He gathered eight in and in , seven in , six in , two in , and just one in and in Such figures, however, can only properly be interpreted if we bear in mind the number of informants from whom Carmichael recorded the texts. We thus find that during his entire sojourn in Uist Alexander Carmichael only ever recorded charms from at most six individuals a year, always during a single session each.
The remainder of this paper offers a preliminary exploration of just how Carmichael went about investigating and recording charm texts during his sojourn in Uist. Nevertheless, it should be stressed that the fact that he was able to record such items at all is a tribute to his assiduousness and inclusivity as a collector, as well as to his personal charisma, his candour and integrity, and the deep-rooted trust clearly accorded him by his informants.
Occasionally at least, Carmichael was acknowledged as to some extent one of their i5. An unusually frank note jotted into a field notebook the following year demonstrates how the two men had established a rapport: He declares that When [he] is done planting his potatoes he will travel over the F[ord] — a dis[tance] of about 21 m[iles] — to give me a proper opp[ortunity] of taking down any word he has before he dies.
He says he [has] neither son nor dau[ghter] except one little girl to whom he can leave his legacy of prose and poetry. And as he likes me better than any other person in the world he is desirous I should become poss[essor] of this invaluable legacy CW MS , fols. Some seventeen years later, Carmichael reconstructed her speech to him as follows: An unbaptised child cannot be harmed in a house where this bean is, no woman can be harmed while wearing it, and nor will a house where it is go on fire.
This blessed bean was blessed on the altar by the priest and in the eyes of God and the people it is sacred. No misfortune shall ever strike a woman who wears it. MacIsaac had made her gift.
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Chaidh an Arna bheannaichte so a bheannachadh air an altair leis an t-sagairt agus ann an suilean Dhia agus dhaoine tha i naomh. Cha tig baol air bean gu brath air am bith i. If so, it was a whirlwind courtship: the couple would marry in Edinburgh on 13 January the following year. The bean did not come by itself, however; it had an invocation attached, although Mrs. MacIsaac herself described the item as a laoidh or hymn: See, o Mary, the woman On the brink of death.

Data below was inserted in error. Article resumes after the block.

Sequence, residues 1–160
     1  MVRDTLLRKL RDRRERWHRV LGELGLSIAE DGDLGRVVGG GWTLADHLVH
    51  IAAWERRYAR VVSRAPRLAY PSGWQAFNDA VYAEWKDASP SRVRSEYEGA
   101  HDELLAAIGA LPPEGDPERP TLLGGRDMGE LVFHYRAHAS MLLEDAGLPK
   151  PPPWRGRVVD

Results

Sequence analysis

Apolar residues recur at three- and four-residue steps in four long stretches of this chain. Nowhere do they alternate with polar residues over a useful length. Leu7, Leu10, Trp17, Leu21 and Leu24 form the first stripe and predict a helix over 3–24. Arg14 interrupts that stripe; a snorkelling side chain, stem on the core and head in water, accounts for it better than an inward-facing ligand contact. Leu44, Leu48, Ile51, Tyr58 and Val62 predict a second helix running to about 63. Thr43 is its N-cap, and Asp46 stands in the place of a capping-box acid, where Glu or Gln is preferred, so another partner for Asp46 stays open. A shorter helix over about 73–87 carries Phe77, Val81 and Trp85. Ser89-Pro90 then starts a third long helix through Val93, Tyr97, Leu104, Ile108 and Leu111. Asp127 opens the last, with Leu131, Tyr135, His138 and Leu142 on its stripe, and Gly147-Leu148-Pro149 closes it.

See her, o Son, For you are able To give the infant his power And to make the woman well. Comas a thoir dhan leana. I shall come with God and God will come with me God and Mary and Michael From the top of my head To the heel of my sole Let me come with my reputation Let me go with my right [testimony? MacIsaac had in fact confused it with another Gaelic charm type specifically relating to yarrow.
For yarrow charms, see ibid. A further note, however, seems to allude to the original purpose of the charm: intoning the words would apparently prepare and equip the reciter to undertake other, perhaps more weighty prognostics, to find out whether a lost person or beast might be recovered. If, as appears to be the case, Mrs. By the time that the recording session had ended, Alexander Carmichael had noted six items, almost as many vernacular charm texts as had been written down in Scottish Gaelic during the previous three centuries.
He does not, however, seem to have pursued the genre. On 8 May he met, for what appears to be the only time, Isabella or Iseabail Chisholm c. Angus MacDonald of Killearnan — , is to be believed: Isabel was full of old lore and knew many old Catholic hymns which she was supposed to have learned at Strathglas[s].
Carmichael scented her and made arrangements to have her tapped. He made an appointment with her to come to his house one morning for the purpose of taking down some of the hymns. He soon discov- ered that he gave the dram at the wrong end. Isabel soon began to show symptoms of inebriety and would not know a Catholic hymn from the Reel of Tulloch. Carmichael never saw her again. Whatever hymns Carmichael had intended to record from Iseabail Chisholm, he ended up noting down from her a series of charms, most of them against evil eye.
The Lost Charms and Incantations That Molded Celtic Reality
Four survive in transcripts, while a further three texts ascribed to her are only found in printed versions in Carmina Gadelica CW MS 7, fols. One of the latter is an example of a malefic charm, a most unusual occurrence in the recorded corpus. Although the printed version has unmistakably been embellished, the flavour of her exuber- antly creative cursing remains, the particular flyting style of a woman well remembered by the Rev.
Angus MacDonald: She was then an old woman — cursing an absent person kneeling on one knee. The words she used were awful. The relative paucity of charm texts recorded by Alexander Carmichael during his first five years living in the Outer Hebrides might lead us to question just how conspicuous the use of charms in island communi- ties actually was. Thus, perhaps, the uncharacteristic excitement with which Carmichael recorded his next discovery concerning charms: Extraordinary. While travelling along the road today — Friday the 5th July [recte August] — I overtook a woman who told me that she had a cold very poorly and that she could not understand the nature of her illness — diseased.